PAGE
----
£25000 - £30000 per annum + benefits: Ashdown Group: A global leader operating...

Recruitment Genius: Customer Service Advisor

£15000 - £16000 per annum: Recruitment Genius: A Customer Service Advisor is r...

Ashdown Group: Trainee Consultant - Surrey / South West London

£22000 per annum + pension,bonus,career progression: Ashdown Group: An establi...

SThree: HR Benefits Manager

£40000 - £50000 per annum + pro rata: SThree: SThree Group have been well esta...

Day In a Page

Syrian conflict is the world's first 'climate change war', say scientists, but it won't be the last one

Climate change key in Syrian conflict

And it will trigger more war in future
How I outwitted the Gestapo

How I outwitted the Gestapo

My life as a Jew in wartime Berlin
The nation's favourite animal revealed

The nation's favourite animal revealed

Women like cuddly creatures whilst men like creepy-crawlies
Is this the way to get young people to vote?

Getting young people to vote

From #VOTESELFISH to Bite the Ballot
Poldark star Heida Reed: 'I don't think a single bodice gets ripped'

Poldark star Heida Reed

'I don't think a single bodice gets ripped'
The difference between America and Israel? There isn’t one

The difference between America and Israel? There isn’t one

Netanyahu knows he can get away with anything in America, says Robert Fisk
Families clubbing together to build their own affordable accommodation

Do It Yourself approach to securing a new house

Community land trusts marking a new trend for taking the initiative away from developers
Head of WWF UK: We didn’t send Cameron to the Arctic to see green ideas freeze

David Nussbaum: We didn’t send Cameron to the Arctic to see green ideas freeze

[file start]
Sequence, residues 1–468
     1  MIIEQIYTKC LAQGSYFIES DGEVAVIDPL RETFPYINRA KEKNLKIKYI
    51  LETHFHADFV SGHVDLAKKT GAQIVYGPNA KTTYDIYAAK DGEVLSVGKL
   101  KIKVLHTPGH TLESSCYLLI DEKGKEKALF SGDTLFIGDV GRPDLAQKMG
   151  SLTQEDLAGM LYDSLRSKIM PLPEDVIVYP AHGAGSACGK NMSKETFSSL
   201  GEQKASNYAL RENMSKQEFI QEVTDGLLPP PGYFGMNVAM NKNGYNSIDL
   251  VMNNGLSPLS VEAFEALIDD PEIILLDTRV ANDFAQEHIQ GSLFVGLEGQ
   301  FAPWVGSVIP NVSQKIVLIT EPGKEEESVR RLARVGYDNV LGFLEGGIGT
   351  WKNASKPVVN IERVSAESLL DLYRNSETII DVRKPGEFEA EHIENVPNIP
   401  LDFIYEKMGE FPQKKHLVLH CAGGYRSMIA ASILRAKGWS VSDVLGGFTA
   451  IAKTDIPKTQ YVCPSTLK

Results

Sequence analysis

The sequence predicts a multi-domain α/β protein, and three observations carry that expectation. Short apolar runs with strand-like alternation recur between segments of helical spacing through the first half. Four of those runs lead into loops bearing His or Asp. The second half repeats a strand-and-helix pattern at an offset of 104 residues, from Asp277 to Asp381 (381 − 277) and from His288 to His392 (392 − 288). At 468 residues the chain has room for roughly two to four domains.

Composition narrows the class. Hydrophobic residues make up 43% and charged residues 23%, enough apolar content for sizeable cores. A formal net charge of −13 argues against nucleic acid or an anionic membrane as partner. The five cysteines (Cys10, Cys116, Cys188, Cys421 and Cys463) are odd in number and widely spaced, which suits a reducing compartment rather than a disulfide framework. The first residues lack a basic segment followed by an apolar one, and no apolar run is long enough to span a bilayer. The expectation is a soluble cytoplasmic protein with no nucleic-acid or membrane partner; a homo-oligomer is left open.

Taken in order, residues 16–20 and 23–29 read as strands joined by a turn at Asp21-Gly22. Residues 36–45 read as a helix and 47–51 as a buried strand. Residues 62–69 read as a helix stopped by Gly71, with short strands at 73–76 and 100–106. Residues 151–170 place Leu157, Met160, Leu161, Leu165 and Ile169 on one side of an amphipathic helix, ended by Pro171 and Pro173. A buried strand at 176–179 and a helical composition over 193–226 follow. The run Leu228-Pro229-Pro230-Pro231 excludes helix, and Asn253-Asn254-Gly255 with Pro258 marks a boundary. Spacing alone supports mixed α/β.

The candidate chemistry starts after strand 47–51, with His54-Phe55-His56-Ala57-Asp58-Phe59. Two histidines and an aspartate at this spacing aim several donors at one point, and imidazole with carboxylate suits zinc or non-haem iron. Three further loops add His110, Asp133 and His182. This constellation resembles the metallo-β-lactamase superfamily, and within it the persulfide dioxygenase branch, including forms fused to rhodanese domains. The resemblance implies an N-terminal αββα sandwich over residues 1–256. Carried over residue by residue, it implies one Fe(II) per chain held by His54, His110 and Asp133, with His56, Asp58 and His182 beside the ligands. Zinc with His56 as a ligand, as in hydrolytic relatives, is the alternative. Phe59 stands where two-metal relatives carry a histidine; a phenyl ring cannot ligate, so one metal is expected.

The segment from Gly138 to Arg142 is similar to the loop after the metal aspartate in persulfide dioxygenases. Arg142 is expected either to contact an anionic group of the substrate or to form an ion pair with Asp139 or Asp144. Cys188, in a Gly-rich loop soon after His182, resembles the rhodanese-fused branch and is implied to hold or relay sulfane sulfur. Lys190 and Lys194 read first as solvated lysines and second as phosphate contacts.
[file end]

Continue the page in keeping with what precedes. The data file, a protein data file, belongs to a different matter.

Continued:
The head of WWF UK remains sanguine despite the Government’s failure to live up to its pledges on the environment
Author Kazuo Ishiguro on being inspired by shoot-outs and samurai

Author Kazuo Ishiguro on being inspired by shoot-outs and samurai

Set in a mythologised 5th-century Britain, ‘The Buried Giant’ is a strange beast
With money, corruption and drugs, this monk fears Buddhism in Thailand is a ‘poisoned fruit’

Money, corruption and drugs

The monk who fears Buddhism in Thailand is a ‘poisoned fruit’
America's first slavery museum established at Django Unchained plantation - 150 years after slavery outlawed

150 years after it was outlawed...

... America's first slavery museum is established in Louisiana
Kelly Clarkson: How I snubbed Simon Cowell and become a Grammy-winning superstar

Kelly Clarkson: How I snubbed Simon Cowell and become a Grammy-winning superstar

The first 'American Idol' winner on how she manages to remain her own woman – Jane Austen fascination and all
Tony Oursler on exploring our uneasy relationship with technology with his new show

You won't believe your eyes

Tony Oursler's new show explores our uneasy relationship with technology. He's one of a growing number of artists with that preoccupation
Ian Herbert: Peter Moores must go. He should never have been brought back to fail again

Moores must go. He should never have been brought back to fail again

The England coach leaves players to find solutions - which makes you wonder where he adds value, says Ian Herbert
War with Isis: Fears that the looming battle for Mosul will unleash 'a million refugees'

The battle for Mosul will unleash 'a million refugees'

Aid agencies prepare for vast exodus following planned Iraqi offensive against the Isis-held city, reports Patrick Cockburn